Chances are, though, if you’ve collected that many names, you haven’t had a lot of time to devote to the actual research of who these people were — where and how they lived and died, what they did for a living, and all those interesting facts that make an individual a person rather than just a name.
Each of the people in your tree should, ideally, represent a life lived rather than just a name that fills in a blank
This is not to say that you shouldn’t spend time adding important individuals to your research. You should. But you want to make sure that you really understand and grow at least a decent proportion of these relatives so that you gain a clearer view of your family’s past and avoid making unfortunate mistakes that can get you off track.
Go Beyond the Names, and the Basics
Performing in-depth research into a person’s life will reveal a story that is fascinating and rewarding to research, no matter who the ancestor was. And the process will likely reveal clues about others in your tree.
Newspaper articles, obituaries, land records, and probate records often mention other family members as well as friends, associates, and neighbors (a.k.a. the FAN club) who played a role in your ancestors’ lives. Finding out that a great-great uncle moved out west to claim and cultivate farmland may explain why your third great-grandparents suddenly appear in a Texas census when 10 years earlier they were in Georgia.
To learn more about each person in your tree, start with the basics and the begin to move outward. Every profile should include at least eight facts, including (but not limited to):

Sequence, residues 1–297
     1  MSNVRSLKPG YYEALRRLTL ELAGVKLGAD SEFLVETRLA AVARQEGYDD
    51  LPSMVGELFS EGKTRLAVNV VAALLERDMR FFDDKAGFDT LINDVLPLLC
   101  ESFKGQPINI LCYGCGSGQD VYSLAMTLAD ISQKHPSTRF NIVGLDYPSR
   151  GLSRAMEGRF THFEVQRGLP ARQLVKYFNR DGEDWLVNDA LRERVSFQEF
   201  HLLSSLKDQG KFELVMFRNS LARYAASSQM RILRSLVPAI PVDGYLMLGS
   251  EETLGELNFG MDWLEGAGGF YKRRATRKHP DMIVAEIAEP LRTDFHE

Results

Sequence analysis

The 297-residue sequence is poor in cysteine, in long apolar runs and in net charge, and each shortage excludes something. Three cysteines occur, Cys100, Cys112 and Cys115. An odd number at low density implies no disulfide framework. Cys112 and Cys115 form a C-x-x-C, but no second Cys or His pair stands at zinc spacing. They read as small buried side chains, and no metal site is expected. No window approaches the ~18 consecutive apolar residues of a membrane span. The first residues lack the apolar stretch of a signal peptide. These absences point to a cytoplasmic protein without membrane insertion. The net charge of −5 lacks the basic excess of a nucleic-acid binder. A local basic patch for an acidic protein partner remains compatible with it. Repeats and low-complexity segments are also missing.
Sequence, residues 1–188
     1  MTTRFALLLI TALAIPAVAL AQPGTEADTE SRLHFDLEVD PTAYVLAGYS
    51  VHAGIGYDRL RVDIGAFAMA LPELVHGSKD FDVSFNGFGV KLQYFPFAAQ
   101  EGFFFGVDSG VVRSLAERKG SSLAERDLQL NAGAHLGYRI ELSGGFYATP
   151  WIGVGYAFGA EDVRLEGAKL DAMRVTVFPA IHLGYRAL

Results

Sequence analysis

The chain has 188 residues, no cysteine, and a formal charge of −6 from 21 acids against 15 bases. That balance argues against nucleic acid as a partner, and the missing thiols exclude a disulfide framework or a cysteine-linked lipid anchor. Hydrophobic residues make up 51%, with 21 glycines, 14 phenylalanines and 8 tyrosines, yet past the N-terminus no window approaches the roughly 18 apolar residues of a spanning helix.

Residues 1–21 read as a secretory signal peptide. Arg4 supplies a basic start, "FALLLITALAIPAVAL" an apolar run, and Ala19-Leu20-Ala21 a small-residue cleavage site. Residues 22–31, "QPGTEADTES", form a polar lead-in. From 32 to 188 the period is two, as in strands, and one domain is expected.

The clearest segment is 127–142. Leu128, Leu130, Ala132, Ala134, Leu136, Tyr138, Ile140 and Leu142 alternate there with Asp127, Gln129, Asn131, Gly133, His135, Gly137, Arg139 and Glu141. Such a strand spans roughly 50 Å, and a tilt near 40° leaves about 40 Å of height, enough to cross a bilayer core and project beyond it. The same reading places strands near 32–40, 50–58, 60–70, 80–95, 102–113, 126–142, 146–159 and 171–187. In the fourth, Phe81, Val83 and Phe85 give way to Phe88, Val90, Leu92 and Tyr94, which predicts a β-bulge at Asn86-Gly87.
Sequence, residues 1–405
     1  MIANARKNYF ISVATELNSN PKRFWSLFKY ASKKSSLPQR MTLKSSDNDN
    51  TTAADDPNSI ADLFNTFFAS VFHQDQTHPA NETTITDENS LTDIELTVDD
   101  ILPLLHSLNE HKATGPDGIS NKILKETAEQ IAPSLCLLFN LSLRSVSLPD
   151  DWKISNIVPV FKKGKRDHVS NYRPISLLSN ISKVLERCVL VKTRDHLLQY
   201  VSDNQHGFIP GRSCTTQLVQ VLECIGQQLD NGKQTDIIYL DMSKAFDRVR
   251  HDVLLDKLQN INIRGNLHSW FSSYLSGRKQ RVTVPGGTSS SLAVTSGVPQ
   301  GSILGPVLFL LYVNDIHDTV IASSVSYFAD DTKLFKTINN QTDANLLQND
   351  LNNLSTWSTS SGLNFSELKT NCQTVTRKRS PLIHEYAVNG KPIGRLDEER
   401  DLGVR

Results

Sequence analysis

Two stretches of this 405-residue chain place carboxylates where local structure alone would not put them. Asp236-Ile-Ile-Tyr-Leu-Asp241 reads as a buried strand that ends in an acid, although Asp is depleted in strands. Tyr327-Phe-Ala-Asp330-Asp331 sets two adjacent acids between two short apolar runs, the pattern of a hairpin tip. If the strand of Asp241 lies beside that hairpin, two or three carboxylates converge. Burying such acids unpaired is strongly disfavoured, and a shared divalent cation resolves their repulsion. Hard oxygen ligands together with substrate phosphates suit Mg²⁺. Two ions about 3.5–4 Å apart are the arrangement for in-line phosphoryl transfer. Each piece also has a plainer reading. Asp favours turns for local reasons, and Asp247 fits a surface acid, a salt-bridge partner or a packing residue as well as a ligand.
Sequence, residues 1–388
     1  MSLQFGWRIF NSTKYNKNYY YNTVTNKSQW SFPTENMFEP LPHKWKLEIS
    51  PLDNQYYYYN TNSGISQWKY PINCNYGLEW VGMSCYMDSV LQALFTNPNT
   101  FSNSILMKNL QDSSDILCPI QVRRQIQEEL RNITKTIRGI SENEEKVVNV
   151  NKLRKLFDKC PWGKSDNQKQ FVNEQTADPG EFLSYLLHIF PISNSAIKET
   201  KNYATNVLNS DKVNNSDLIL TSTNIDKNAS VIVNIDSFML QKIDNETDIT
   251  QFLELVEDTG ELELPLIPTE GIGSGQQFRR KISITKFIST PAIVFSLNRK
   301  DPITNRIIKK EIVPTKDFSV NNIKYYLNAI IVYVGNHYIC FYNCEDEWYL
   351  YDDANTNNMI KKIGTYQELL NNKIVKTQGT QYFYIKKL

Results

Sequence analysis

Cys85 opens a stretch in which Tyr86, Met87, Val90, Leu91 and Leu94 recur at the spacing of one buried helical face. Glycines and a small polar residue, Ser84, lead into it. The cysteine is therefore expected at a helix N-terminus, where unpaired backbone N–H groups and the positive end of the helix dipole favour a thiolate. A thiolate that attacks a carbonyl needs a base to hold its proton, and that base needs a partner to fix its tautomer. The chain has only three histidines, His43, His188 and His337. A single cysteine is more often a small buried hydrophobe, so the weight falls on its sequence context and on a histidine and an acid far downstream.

- Date and place of birth,
- Date and place of death,
- Burial place,
- Name of spouse and date and place of marriage,
- Faith and participation in religious events like baptism or christening,
- Military service, and
- Places they lived throughout their lives
The process of finding the above details should open up a variety of sources that can be further explored and branched out from. For help with this process, and building your tree in general, you might find Family History Daily’s online courses helpful.
Now, Step Back and Think About Your Motives
Why did you start your family tree in the first place? Perhaps you intended to…
- Solve a family mystery
- Verify family stories or countries of origin
- Find or discover more about your birth family
- See if you’re related to anyone of note
- Trace the history of certain medical conditions through the generations
- Further an ancestor or family member’s genealogy work
- Compile or verify information you’ve found in other sources, like a family Bible
- Learn more about a person after whom you’re named
- Prove lineage for a heritage society
There are countless other reasons, of course – but, whatever yours is, take a moment to step back and make sure you are fulfilling it and not just adding names for the sake of adding them.
You might also enjoy: Can Your Family Tree Pass the 5 Step Proof Test?
For nearly 30 years Patricia Hartley has researched and written about ancestry. She has a B.S. in Professional Writing and English and an M.A. in English from the University of North Alabama and a M.A. in Public Relations/Mass Communications from Kent State University.